/// </summary>
    OnFirstFocusThenLeaveOff = 0,

    /// <summary>
    ///  On first focus, it selects all then never selects
    /// </summary>
    OnFirstFocusThenNever = 1,

    /// <summary>
    /// Selects all on every focus
    /// </summary>
    OnEveryFocus = 2,

    /// <summary>
    /// Never selects text (WPF's default attitude)
    /// </summary>
    Never = 4,
}

public partial class TextBox : DependencyObject
{
    public static readonly DependencyProperty SelectAllModeProperty = DependencyProperty.RegisterAttached(
        "SelectAllMode",
        typeof(SelectAllMode?),
        typeof(TextBox),
        new PropertyMetadata(SelectAllModePropertyChanged));

    private static void SelectAllModePropertyChanged(DependencyObject d, DependencyPropertyChangedEventArgs e)
    {
        if (d is System.Windows.Controls.TextBox)
        {
            var textBox = d as System.Windows.Controls.TextBox;

            if (e.NewValue != null)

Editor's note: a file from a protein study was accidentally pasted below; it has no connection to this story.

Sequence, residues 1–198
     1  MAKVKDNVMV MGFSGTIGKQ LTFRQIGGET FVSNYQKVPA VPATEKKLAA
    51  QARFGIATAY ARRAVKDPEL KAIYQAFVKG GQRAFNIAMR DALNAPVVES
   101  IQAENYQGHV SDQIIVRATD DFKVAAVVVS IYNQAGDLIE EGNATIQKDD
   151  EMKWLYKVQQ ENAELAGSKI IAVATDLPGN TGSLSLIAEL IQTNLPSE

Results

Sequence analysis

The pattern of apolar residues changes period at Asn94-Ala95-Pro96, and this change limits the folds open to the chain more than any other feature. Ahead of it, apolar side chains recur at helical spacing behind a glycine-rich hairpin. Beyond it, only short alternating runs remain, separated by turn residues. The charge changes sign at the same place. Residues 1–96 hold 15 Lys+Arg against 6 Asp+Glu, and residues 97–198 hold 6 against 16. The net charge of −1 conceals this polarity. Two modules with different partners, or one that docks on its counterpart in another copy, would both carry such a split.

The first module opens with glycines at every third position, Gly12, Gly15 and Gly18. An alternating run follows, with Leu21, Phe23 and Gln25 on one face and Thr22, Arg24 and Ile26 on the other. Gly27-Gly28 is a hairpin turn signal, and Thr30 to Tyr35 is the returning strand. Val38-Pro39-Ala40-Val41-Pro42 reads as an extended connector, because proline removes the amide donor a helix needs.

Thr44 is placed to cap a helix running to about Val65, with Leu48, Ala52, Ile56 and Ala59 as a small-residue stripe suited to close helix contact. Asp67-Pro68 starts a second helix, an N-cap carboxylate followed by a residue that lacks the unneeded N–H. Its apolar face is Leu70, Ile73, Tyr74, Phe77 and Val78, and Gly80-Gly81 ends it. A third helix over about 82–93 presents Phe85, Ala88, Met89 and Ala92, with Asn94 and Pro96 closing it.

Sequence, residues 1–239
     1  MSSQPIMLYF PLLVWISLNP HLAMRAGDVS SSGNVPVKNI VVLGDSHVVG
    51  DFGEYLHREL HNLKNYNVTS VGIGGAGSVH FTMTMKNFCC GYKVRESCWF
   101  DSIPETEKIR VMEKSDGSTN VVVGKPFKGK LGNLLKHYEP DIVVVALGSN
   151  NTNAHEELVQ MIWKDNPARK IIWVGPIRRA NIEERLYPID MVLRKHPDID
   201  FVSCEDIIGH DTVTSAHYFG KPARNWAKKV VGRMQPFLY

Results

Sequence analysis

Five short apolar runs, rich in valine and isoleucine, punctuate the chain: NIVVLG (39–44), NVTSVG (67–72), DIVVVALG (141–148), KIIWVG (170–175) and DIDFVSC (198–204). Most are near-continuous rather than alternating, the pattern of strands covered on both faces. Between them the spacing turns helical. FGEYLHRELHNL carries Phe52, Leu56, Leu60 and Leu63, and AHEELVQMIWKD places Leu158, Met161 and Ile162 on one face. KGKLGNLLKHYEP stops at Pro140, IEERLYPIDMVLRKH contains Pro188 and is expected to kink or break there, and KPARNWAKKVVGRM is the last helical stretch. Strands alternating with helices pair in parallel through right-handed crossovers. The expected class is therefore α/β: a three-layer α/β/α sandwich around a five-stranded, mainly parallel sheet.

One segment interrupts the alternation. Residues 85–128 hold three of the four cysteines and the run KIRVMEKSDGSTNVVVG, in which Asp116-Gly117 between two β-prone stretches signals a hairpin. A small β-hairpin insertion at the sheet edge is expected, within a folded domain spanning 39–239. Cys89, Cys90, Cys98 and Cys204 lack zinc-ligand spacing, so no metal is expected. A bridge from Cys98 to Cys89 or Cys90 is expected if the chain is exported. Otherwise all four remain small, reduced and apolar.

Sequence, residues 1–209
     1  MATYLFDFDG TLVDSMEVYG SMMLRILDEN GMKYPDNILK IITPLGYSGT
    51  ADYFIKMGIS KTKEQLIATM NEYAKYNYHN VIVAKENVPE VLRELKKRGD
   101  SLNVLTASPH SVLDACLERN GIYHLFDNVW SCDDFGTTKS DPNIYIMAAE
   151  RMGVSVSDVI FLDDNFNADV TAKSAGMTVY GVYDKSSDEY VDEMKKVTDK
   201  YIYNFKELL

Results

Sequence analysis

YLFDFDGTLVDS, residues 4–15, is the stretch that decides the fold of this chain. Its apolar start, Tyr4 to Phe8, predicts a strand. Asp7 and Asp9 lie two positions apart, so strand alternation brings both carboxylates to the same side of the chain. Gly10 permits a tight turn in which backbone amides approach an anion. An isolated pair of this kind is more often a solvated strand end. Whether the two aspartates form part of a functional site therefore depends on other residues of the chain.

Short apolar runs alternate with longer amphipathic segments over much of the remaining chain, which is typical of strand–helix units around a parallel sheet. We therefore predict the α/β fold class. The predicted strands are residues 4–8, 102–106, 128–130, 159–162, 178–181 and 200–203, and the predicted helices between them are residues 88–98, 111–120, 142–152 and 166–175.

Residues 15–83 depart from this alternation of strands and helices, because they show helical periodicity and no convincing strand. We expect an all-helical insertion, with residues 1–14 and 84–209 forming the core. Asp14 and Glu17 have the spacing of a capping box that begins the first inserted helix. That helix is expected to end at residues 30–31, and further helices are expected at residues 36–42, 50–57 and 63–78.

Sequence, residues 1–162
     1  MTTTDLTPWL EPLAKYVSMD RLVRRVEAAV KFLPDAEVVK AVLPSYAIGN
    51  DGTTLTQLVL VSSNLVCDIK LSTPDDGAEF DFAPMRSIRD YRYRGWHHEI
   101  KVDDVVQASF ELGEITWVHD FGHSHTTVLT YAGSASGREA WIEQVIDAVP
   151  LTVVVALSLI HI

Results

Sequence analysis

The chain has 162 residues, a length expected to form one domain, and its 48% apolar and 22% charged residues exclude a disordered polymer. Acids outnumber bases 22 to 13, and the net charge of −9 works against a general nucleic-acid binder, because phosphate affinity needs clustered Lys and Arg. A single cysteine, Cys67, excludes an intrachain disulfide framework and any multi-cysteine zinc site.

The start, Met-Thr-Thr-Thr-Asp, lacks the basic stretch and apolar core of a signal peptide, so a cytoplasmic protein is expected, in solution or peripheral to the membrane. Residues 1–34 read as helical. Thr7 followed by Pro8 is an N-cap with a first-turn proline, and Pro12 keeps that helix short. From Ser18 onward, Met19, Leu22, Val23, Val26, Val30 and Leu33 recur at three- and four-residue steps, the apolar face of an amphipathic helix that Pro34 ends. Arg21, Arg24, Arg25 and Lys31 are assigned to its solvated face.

{
                textBox.GotKeyboardFocus += OnKeyboardFocusSelectText;
                textBox.PreviewMouseLeftButtonDown += OnMouseLeftButtonDown;
            }
            else
            {
                textBox.GotKeyboardFocus -= OnKeyboardFocusSelectText;
                textBox.PreviewMouseLeftButtonDown -= OnMouseLeftButtonDown;
            }
        }
    }

    private static void OnMouseLeftButtonDown(object sender, MouseButtonEventArgs e)
    {
        DependencyObject dependencyObject = GetParentFromVisualTree(e.OriginalSource);

        if (dependencyObject == null)
            return;

        var textBox = (System.Windows.Controls.TextBox)dependencyObject;
        if (!textBox.IsKeyboardFocusWithin)
        {
            textBox.Focus();
            e.Handled = true;
        }
    }

    private static DependencyObject GetParentFromVisualTree(object source)
    {
        DependencyObject parent = source as UIElement;
        while (parent != null && !(parent is System.Windows.Controls.TextBox))
        {
            parent = VisualTreeHelper.GetParent(parent);
        }

        return parent;
    }

    private static void OnKeyboardFocusSelectText(object sender, KeyboardFocusChangedEventArgs e)
    {